It’s the latest instance in which Instagram has ripped a page from a rival’s playbook in an effort to preserve its status as a cool place for young people to share and view content. In this case, Instagram is mimicking Google’s YouTube. Before, Facebook and Instagram have copied Snapchat — another magnet for teens and young adults.
Instagram, now nearly 8 years old, is moving further from its roots as a photo-sharing service as it dives headlong into longer-form video.
The initiative comes as parent company Facebook struggles to attract teens, while also dealing with a scandal that exposed its leaky controls for protecting users’ personal information.
Instagram CEO Kevin Systrom told The Associated Press that he hopes IGTV will emerge as a hub of creativity for relative unknowns who turn into Internet sensations with fervent followings among teens and young adults.
That is what’s already happening on YouTube, which has become the world’s most popular video outlet since Google bought it for $1.76 billion nearly 12 years ago. YouTube now boasts 1.8 billion users.
Instagram, which Facebook bought for $1 billion six years ago, now has 1 billion users, up from 800 million nine months ago.
More importantly, 72 percent of US kids ranging from 13 to 17 years old use Instagram, second to YouTube at 85 percent, according to the Pew Research Center. Only 51 percent of people in that group now use Facebook, down from 71 percent from a similar Pew survey in 2014-15.
That trend appears to be one of the reasons that Facebook is “hedging its bets” by opening Instagram to the longer-form videos typically found on YouTube, said analyst Paul Verna of the research firm eMarketer.
Besides giving Instagram another potential drawing card, longer clips are more conducive for video ads lasting from 30 seconds to one minute. Instagram doesn’t currently allow video ads, but Systrom said it eventually will. When the ads come, Instagram intends to share revenue with the videos’ creators — just as YouTube already does.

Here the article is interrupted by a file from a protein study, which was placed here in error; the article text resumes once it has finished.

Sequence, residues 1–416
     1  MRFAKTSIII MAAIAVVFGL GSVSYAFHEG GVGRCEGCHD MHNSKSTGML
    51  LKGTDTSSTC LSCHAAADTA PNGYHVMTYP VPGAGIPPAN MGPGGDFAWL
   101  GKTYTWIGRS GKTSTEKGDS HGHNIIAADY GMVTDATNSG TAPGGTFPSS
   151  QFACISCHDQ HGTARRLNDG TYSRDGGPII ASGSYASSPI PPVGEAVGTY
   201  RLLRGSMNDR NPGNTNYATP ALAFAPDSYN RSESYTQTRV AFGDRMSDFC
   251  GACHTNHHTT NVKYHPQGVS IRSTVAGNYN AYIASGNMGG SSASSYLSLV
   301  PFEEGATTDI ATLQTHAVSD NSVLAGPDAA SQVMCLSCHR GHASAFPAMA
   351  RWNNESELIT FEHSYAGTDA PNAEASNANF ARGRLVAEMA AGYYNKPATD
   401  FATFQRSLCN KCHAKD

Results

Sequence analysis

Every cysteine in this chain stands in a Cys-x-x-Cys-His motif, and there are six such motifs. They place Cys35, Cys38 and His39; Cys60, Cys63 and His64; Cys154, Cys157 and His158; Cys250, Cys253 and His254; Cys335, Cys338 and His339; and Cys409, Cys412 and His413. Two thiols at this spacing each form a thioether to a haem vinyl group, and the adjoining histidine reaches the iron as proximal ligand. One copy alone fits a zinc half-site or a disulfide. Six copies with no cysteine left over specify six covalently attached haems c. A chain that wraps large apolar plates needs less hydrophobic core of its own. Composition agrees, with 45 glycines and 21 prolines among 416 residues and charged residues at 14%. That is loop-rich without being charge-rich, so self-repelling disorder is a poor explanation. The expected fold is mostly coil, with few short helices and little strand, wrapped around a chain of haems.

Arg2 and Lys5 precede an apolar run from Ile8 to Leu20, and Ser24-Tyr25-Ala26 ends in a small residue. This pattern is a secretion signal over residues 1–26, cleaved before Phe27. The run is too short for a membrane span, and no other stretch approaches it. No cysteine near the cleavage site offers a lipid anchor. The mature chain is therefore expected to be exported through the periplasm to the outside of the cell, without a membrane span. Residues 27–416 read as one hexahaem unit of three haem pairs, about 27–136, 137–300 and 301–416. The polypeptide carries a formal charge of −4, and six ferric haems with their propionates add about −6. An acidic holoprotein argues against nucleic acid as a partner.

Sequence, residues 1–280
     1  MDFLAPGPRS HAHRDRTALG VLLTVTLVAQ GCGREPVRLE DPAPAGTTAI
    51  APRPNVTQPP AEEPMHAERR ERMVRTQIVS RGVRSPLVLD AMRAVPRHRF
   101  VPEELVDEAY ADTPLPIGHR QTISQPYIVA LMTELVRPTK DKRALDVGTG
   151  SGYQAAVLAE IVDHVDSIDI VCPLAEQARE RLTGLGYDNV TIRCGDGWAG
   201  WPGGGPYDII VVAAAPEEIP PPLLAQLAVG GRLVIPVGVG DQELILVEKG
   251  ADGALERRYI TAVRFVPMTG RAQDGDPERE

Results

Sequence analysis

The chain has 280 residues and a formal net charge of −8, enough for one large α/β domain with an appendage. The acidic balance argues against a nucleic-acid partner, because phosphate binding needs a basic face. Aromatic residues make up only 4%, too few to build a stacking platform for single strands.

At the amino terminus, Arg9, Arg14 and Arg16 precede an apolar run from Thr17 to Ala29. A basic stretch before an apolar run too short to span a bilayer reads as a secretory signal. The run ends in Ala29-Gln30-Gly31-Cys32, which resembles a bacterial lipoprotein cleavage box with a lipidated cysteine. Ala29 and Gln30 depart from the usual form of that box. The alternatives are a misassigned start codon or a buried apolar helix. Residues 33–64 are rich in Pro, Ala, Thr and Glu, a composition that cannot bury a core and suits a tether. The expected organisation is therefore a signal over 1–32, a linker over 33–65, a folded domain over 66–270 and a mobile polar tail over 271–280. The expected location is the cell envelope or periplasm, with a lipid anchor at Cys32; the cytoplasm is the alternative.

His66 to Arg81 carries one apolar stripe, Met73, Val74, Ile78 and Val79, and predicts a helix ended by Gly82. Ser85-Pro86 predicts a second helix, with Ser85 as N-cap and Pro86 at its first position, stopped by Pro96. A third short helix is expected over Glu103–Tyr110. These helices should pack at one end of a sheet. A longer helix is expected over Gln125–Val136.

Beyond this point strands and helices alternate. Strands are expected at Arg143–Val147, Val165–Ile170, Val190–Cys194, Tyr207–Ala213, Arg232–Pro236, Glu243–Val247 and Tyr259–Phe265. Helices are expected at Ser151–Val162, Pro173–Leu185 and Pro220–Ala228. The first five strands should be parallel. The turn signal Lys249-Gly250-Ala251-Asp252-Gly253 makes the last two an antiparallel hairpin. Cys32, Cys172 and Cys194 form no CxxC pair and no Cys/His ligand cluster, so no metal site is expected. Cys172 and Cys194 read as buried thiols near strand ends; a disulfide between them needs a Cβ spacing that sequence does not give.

“We want to make sure they make a living because that is the only way it works in the long run,” Systrom said.
The ads also will help Facebook sustain its revenue growth. Total spending on online video ads in the US is expected to rise from nearly $18 billion this year to $27 billion in 2021, according to eMarketer.
Lele Pons, a YouTube sensation who also has amassed 25 million followers on Instagram, plans to launch a new cooking show on IGTV in hopes of increasing her audience and eventually generating more revenue. “It’s like Coca-Cola and Pepsi,” she said. “You will never know what you like better unless you try both.”
IGTV’s programming format will consist exclusively of vertical video designed to fill the entire screen of smartphones — the devices that are emerging as the main way younger people watch video. By contrast, most YouTube videos fill only a portion of the screen unless the phone is tilted horizontally.
Snapchat began featuring vertical video before Instagram, another example of its penchant for copying rivals.
But Systrom sees it differently. “This is acknowledging vertical video is the future and we want the future to come more quickly, so we built IGTV.”